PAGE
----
Principles of Environmental Economics: Economics, Ecology and Public Policy

By Ahmed M. Hussen | Go to book overview
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Preface

The primary objective of this book is to present the economic and ecological principles essential for a clear understanding of the complex contemporary environmental and natural resource issues and policy considerations. Several textbooks have been written on this subject in recent years. One may ask, then, what exactly differentiates this one from the others?


LEVEL

This book is written for an introductory-level course in environmental and resource economics. It is primarily designed for college sophomores and juniors who want to study environmental and resource concerns with an interdisciplinary focus. The academic majors of these students could be in any field of study, but the book would be especially appropriate for students with majors in economics, political science, environmental studies or biological sciences.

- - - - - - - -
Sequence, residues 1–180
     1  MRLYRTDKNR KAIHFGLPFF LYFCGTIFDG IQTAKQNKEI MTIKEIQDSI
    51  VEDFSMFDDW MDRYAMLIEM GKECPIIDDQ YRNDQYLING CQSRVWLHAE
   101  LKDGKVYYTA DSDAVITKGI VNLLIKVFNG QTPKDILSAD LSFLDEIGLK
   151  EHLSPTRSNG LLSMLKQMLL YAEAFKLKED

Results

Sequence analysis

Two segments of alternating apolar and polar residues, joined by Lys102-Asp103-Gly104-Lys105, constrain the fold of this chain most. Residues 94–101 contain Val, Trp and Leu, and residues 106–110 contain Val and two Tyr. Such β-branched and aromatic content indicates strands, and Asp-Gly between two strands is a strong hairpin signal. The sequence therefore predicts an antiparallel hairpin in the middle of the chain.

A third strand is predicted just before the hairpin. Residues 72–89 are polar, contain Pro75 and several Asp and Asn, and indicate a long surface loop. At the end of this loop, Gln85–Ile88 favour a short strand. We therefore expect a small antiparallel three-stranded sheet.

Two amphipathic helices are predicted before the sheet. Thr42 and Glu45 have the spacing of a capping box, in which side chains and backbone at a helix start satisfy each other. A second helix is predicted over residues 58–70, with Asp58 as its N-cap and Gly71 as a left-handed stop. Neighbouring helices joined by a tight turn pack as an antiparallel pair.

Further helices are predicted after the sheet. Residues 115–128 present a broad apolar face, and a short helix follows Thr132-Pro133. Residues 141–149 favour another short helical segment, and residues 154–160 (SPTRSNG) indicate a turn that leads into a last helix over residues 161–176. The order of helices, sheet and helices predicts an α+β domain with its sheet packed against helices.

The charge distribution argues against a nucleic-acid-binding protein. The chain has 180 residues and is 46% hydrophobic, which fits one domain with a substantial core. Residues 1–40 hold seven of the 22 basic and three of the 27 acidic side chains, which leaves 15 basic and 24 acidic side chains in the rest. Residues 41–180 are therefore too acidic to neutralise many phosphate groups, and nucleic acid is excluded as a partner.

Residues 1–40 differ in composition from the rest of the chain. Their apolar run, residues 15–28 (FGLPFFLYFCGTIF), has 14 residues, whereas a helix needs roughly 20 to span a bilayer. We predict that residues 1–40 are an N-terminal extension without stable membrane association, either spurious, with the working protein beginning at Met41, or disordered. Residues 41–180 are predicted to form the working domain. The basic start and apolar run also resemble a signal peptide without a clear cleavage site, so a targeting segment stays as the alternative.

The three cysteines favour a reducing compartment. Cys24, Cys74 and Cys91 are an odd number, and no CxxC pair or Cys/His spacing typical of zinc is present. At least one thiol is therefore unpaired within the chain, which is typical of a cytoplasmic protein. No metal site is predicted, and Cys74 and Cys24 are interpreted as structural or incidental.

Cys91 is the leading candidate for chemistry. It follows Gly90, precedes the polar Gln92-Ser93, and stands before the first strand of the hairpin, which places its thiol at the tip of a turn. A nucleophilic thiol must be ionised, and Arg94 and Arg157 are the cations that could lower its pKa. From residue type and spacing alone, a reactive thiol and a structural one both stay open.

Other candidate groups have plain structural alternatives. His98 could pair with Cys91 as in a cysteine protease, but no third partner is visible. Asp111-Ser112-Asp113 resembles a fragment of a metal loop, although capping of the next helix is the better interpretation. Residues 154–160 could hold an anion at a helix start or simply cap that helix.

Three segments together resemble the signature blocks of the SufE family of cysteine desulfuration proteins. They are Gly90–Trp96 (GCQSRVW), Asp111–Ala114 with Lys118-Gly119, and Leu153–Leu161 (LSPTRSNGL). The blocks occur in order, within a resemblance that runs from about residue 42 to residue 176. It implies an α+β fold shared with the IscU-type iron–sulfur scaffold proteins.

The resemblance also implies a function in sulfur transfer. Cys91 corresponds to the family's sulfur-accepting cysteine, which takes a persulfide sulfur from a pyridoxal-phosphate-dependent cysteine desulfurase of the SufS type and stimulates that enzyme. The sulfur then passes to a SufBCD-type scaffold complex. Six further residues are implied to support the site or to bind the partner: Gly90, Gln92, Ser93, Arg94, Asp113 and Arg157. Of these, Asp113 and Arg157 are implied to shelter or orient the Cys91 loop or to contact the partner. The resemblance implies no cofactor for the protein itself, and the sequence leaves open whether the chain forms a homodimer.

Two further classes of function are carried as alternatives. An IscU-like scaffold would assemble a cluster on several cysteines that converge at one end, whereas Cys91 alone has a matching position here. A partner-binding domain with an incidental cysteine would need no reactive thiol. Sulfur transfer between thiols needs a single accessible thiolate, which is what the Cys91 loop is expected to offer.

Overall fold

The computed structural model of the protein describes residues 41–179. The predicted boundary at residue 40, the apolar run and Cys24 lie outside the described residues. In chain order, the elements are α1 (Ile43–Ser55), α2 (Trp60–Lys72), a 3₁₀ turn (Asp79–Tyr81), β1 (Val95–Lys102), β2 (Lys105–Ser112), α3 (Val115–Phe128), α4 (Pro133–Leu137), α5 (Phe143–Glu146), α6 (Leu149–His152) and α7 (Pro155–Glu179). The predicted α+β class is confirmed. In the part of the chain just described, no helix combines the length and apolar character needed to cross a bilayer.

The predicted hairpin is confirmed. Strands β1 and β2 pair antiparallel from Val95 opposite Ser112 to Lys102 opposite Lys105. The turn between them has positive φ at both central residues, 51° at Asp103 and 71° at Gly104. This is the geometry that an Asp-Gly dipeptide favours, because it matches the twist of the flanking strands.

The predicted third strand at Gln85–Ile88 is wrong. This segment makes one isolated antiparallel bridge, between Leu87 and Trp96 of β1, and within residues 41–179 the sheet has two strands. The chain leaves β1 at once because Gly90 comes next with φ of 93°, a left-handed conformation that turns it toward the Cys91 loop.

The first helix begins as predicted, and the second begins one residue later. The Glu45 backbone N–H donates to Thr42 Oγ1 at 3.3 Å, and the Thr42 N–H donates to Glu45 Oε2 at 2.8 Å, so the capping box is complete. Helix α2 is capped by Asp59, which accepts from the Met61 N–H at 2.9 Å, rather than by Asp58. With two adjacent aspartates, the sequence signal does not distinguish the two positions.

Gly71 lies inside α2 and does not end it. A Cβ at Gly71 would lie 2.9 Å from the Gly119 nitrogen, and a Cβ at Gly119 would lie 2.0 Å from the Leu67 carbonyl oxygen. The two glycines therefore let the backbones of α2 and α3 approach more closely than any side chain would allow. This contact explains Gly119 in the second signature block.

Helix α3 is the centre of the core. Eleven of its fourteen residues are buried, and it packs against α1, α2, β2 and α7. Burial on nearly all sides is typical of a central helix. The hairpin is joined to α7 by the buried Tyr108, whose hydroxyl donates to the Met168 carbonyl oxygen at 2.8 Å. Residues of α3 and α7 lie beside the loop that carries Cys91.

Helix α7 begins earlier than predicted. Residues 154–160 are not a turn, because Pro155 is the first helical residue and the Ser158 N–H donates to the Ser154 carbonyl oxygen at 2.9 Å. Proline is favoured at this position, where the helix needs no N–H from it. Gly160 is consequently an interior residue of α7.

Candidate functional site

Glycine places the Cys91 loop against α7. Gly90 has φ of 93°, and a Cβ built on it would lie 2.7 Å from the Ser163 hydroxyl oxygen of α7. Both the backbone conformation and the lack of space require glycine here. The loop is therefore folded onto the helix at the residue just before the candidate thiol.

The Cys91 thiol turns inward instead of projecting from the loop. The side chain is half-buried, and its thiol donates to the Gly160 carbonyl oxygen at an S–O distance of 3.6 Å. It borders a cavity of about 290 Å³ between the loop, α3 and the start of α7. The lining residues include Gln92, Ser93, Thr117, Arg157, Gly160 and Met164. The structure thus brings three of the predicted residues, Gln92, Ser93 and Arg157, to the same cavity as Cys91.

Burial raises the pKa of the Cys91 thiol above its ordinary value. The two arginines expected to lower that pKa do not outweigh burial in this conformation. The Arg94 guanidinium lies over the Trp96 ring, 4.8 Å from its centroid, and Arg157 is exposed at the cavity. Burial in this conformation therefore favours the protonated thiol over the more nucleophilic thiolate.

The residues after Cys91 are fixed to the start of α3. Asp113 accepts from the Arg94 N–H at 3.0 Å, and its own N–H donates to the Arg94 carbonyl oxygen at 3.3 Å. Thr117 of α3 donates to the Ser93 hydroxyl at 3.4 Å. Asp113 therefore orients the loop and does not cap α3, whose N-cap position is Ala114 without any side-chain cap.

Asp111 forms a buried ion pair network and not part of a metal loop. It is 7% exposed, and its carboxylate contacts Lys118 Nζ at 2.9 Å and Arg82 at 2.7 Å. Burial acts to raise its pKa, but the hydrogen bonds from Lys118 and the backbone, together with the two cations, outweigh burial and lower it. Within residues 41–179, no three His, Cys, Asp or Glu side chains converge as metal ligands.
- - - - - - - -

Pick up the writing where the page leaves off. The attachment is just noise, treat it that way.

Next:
Several other textbooks may claim to have the above-stated features. However, very few, if any, offer two chapters that are exclusively designed to provide students with fundamental economic concepts specifically relevant to environmental and resource economics. In these chapters, economic concepts such as demand and supply analysis, willingness to pay, consumers’ and producers’ surplus, rent, marginal analysis, Pareto optimality, factor substitution and alternative economic measures of scarcity are thoroughly and systematically explained. The material in these two chapters (Chapters 2 and 3) is optional. They are intended to serve as a good review for economics students and a very valuable foundation for students with a major in a field other than economics. This book requires no more than a semester course in microeconomics. Thus, unlike many other textbooks in this field, it does not demand a knowledge of intermediate micro-economics, either implicitly or explicitly.

The claim that environmental and resource economics should be studied within an interdisciplinary context is taken very seriously. Such a context requires students to have, in addition to microeconomics, a good understanding of the basic principles of the natural and physical sciences that govern the natural world. This book addresses this concern by devoting

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